Excursions:  Tea with the General
 

Those who attended Chevy Chase Junior College in the early 1920s had many opportunities to visit historic sites throughout the nation's capital while they completed their education. On a memorable visit to Mount Vernon, the Chevy Chase girls had the good fortune to meet General John J. Pershing, a hero of World War I. In a short memoir about the meeting and the ensuing invitation to tea, Clair Rountree Price, class of 1922, tells readers about the girls who attended the school in the early years of its operation.

 

 

A Photo with the General at Mount Vernon
 

Chevy Chase School for Girls, as Clair Rountree (later Price) remembers it in the 1920s, was known for its excursions, including trips to Mount Vernon by boat.  Chevy Chase girls, though accompanied by the “inevitable chaperone,” had a particularly exciting moment as they began a tour of the famous home, for just ahead of them was General John Pershing, leading a delegation of foreign visitors to George Washington’s home.  A crowd quickly surrounded the famous general, and an amateur photographer asked if he could take a photo.  The general replied, “Certainly, if you will let me stand between two of those attractive young ladies.”  Clair Rountree was one of those lucky girls, and a few days later, they received the negative of the photo that captured this moment:  the General is surrounded by smiling Chevy Chase girls in their 1920s style cloche hats.

General Pershing with Chevy Chase Students, taken by an unknown amateur photographer.  Clair Rountree is on the right, by the small "x."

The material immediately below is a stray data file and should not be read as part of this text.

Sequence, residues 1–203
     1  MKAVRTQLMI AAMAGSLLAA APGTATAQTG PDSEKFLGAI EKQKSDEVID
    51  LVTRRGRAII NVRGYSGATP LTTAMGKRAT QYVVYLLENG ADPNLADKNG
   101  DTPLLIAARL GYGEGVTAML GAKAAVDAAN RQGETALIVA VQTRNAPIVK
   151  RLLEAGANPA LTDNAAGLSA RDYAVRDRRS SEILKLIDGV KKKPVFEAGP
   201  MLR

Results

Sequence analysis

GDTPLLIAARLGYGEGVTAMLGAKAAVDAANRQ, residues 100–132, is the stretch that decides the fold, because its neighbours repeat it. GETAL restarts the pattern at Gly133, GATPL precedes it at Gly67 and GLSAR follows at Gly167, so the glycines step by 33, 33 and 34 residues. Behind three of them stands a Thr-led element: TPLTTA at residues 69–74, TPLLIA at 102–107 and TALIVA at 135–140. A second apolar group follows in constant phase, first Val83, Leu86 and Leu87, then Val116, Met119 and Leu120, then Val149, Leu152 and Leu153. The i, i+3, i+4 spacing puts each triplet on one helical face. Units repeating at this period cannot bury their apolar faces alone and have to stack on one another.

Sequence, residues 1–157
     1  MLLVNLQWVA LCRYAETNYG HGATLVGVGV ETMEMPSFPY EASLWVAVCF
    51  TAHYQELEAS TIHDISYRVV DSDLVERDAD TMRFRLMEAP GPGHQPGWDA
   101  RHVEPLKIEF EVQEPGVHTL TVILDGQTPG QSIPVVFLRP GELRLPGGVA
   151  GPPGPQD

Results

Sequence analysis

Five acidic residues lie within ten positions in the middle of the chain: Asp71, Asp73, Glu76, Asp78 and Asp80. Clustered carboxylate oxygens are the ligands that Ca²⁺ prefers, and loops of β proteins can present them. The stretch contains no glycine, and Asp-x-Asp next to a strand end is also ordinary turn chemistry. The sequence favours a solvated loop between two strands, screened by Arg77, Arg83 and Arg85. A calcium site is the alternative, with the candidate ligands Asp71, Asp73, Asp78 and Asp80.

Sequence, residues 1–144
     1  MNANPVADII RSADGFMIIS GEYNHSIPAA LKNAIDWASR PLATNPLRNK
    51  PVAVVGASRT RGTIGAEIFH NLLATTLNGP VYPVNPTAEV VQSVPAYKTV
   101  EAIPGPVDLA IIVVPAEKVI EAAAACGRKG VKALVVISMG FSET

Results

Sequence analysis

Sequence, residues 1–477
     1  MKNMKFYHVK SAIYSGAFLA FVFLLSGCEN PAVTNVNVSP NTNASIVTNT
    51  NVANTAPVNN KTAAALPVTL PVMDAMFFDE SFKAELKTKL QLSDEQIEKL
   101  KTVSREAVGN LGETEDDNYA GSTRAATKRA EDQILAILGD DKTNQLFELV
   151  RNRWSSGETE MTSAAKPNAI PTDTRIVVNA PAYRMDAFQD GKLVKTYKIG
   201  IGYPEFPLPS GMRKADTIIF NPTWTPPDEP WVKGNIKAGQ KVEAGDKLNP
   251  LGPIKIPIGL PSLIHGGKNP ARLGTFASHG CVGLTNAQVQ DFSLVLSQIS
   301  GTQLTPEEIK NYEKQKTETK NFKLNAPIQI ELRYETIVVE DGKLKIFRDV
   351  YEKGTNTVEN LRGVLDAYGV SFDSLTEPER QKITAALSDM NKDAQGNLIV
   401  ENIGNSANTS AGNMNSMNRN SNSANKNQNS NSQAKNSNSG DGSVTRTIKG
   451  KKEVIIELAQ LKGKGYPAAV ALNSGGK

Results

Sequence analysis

CCHS 2008.30.03

 

 

That alone would have been enough excitement, but after the photo was taken, General Pershing inquired where they went to school.  When they answered, he said “But I live in Chevy Chase, too.” And he asked them to tea at his home in nearby Chevy Chase, DC.  When they returned to school, the girls’ excitement was dampened by the response of Dr. Farrington, the Chevy Chase headmaster at the time, for he was sure the general was simply making pleasant conversation.  Clair wrote,


“We, of course, would not have it so.  He had invited us to tea and we had certainly accepted.”
 

To the girls’ delight, a formal invitation from General Pershing arrived a few days later, inviting all seventy students at Chevy Chase School for tea.

 

 

Preparing for Tea at the General's House in Chevy Chase, DC
 

On the day of the tea, all the girls hurried about the school in preparation for this most anticipated event. Attempting to look their best, each girl borrowed an item of clothing such as a hat or pocket book from someone else, believing they couldn't possibly set out in an outfit all their own. 

 
Aerial photo of General Pershing's Home in Chevy Chase, Washington, DC.
Library of Congress, Prints & Photographs Collection, LC-USZ62-103794


 

"We thought we were ravishing but I now have no doubt that everyone of us would have looked better had we worn our own clothes so carefully chosen a few weeks earlier by doting mothers before we set out for boarding school."



The event itself was a huge success, and General Pershing was a gracious host. Clair Rountree remembers how he moved from group to group, engaging each girl with a personal anecdote about their hometowns.  As it goes with most noteworthy occasions, Clair Rountree could not remember what was actually served for tea, but her story lived on being told and retold for her children and grandchildren.
 

 

Clair Rountree Price’s memory of meeting General Pershing provides us with a young woman’s view of the famous general in the years right after WWI.  But just as interesting is her portrait of Dr. Farrington, the headmaster at Chevy Chase from 1917 to 1930, as he counsels the girls not to raise their hopes too high on the chance of receiving a formal invitation to tea with the general. There is a kindness beneath Dr. Farrington's stern countenance in Clair's memoir.  

The close proximity of Chevy Chase School to Washington, D.C. and the powerful figures who lived and worked there would be influential in the school's development over the course of almost fifty years.

 

 

Read Clair Rountree Price's Memoir (PDF)